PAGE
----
At first, whatever restaurant is planted there thrives like a crocus in early spring. Just as crocus-like, it suddenly disappears from the scene, an out-of-date Facebook page and a hastily-lettered sign taped to the restaurant’s front door as its only farewell.
So I am always interested when a new restaurant sets up shop in just such a location. One such restaurant caught my attention recently, and I brought the dine-around bunch with me to see (and smell and taste) how they were doing.
Asian House is a purveyor of Asian cuisine. The restaurant is located on the Jonesborough end of West Market Street in Johnson City. It occupies a storefront in the Walmart shopping center, with a Mexican taqueria and a frozen yogurt shop as neighbors. The dining area has seating for about 60 in various booths and tables. The décor is best described as New Asian; clean lines with minimal decoration throughout. The cashier/takeout counter is located near the front door. The sushi station is toward the back of the dining room.
Hibachi Chicken: Asian House has a comprehensive menu that offers something for just about every taste and appetite. Because of this, the dine-around bunch and I decided that we would each order from different parts of the menu, giving us a good cross section of both the variety and the skill of Asian House’s kitchen. The Retiree led off by ordering something simple; hibachi chicken ($7.59). Here, coarsely-chopped pieces of chicken thigh meat, cooked in a teriyaki sauce-based stir-fry with rice and various chopped vegetables; onion, carrot, water chestnut, the usual. The result was prepared to order, and in front of the Retiree inside of 10 minutes. After two bites, the expression on our friend’s face told us she had made the right choice.
Vegetable Lo Mein: The Dieter, still wanting to eat more vegetables than meat and bread, chose the Asian House vegetable lo mein ($7.59) for her evening meal. To a stir-fry of chopped carrot, broccoli, bean sprout, onion, shallot and water chestnut was added a good quantity of lo mein noodles that were vigorously stirred and then plated with a pork egg roll as an added bit of yummy for the Dieter’s tummy. I was allowed to twirl my fork in my friend’s plate, and was very pleased with the result. The egg roll was pretty good, too.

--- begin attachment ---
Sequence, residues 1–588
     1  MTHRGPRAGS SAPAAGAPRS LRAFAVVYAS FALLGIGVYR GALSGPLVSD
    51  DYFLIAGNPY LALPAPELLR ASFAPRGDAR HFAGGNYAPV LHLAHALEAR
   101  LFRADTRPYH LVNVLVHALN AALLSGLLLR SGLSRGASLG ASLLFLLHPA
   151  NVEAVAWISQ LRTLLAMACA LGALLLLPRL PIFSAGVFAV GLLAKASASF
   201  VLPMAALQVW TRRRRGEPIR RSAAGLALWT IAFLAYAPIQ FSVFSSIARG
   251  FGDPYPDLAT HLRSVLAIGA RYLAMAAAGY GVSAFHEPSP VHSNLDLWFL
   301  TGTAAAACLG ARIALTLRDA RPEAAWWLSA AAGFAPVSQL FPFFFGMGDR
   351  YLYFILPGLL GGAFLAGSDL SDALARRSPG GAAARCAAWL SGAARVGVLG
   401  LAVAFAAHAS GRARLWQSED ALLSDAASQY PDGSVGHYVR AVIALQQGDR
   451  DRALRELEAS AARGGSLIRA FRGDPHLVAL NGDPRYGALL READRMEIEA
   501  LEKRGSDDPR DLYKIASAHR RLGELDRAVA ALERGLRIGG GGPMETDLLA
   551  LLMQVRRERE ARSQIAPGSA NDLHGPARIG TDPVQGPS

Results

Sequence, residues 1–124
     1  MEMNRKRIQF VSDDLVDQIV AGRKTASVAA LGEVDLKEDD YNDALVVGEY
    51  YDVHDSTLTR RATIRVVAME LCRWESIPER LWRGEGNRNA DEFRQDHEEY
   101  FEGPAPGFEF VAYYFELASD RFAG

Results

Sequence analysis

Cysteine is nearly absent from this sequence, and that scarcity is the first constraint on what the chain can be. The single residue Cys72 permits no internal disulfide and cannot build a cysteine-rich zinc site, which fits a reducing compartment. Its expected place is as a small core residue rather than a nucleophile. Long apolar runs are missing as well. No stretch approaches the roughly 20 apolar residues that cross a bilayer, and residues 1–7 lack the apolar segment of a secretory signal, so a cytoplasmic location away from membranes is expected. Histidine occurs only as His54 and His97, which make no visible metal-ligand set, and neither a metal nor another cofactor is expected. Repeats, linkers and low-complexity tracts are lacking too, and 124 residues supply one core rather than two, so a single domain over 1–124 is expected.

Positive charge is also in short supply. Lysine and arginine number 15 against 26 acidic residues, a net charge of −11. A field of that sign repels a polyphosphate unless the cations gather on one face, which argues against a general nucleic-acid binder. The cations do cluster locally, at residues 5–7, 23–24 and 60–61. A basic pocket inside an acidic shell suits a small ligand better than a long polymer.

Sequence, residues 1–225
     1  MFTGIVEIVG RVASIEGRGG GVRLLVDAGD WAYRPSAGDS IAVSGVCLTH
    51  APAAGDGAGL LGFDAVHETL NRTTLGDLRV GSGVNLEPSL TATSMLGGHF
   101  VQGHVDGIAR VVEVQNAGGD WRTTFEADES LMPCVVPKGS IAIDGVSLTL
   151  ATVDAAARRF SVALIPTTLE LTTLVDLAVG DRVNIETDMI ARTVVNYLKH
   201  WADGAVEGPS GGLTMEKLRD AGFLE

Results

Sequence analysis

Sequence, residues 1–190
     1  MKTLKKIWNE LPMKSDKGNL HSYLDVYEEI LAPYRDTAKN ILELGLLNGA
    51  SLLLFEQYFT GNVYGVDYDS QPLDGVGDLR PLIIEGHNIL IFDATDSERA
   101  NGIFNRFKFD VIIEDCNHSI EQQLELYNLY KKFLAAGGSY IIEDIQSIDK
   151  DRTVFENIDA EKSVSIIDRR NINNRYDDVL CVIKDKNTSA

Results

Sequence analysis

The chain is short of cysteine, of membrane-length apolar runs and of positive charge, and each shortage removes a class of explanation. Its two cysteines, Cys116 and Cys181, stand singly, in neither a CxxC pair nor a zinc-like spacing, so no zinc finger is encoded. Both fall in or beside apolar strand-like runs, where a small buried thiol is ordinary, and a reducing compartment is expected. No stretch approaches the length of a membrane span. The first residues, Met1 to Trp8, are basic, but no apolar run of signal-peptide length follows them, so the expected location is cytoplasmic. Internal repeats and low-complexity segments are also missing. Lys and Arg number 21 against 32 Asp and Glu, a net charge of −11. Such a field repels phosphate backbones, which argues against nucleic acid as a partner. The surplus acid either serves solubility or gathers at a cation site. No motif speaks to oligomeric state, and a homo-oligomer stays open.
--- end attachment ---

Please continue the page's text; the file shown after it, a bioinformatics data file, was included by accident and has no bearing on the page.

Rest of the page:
Happy Box: The Carnivore wanted a meal with variety, and found it with a “Happy Box” ($10.99). My meat-eating friend filled Asian House’s version of the traditional bento box with General Tso’s chicken as the stir-fry entrée, sided with sweet carrots, mushrooms and broccoli, and featuring two crab Rangoon, six pieces of maki sushi, a California roll in this instance, and a pork egg roll. A meal fit for any meat eater, and a good demonstration of what Asian House’s overall kitchen skill set was.
Shrimp & Chicken: My dining partner had been fighting a headache all day. My partner favored the Japanese grill or “teppan” style of cooking, but today without the usual “flippety-flippety show” that comes with such a meal. Her order of the grilled shrimp & chicken combination platter ($10.99) was prepared in Asian House’s kitchen with a minimum amount of noise. The platter as presented to my partner featured grilled 15-count peeled & de-veined shrimp with chopped and grilled chicken thigh meat, all layered onto fried rice and mixed with cooked sweet carrot, onion, mushroom, and broccoli. There was a ramekin of shrimp sauce to hand, and included a pork egg roll either as the appetizer or dessert. My dining partner tucked into her teppan-grilled shrimp & chicken with evident delight, remarking that the cook had gotten the texture and flavor of both the shrimp and the chicken just the way she liked them.
Sushi medley — Vegetable Roll, Alaskan Roll, “Bonsai Tree”: A sushi-based supper was my assignment for our evening meal at Asian House, and I was not disappointed. Our server informed us that Asian House was running a “Twofer” special price: $8.50 for both a six-piece vegetable maki roll and a six-piece Alaskan maki roll. As I was closing my menu, I spotted the “Bonsai Tree” roll ($7.99) among the house specials and included it on a whim. The two maki rolls were both very good, the vegetable roll being filled with julienned cucumber, raw carrot and scallion, wrapped in nori (dried seaweed) paper, rolled in white sticky rice and dusted with toasted sesame and poppy seeds. The Alaskan roll was the same, but with smoked salmon, cucumber and avocado as the filling. While both maki rolls were quite good, the real star of my sushi show was the “Bonsai Tree” roll. Here the Asian House sushi virtuoso took finely chopped spicy yellowfin tuna surrounded with sticky rice, wrapped in thin, delicate strips of cucumber, then sliced into six sections and presented on the plate as an abstract flower. The taste and texture of this delicacy was so unique it required no additional sauces or spices of any kind.
Bottom line: Asian House is a fine restaurant that features Japanese, Chinese and southeast Asian cuisine. Its location is the perfect place to fish for hungry customers, while the kitchen has enough variety served at a fair price to keep customers coming back again and again.
3101 W. Market St.
Daily except Monday 11 a.m. - 10 p.m.
Credit cards accepted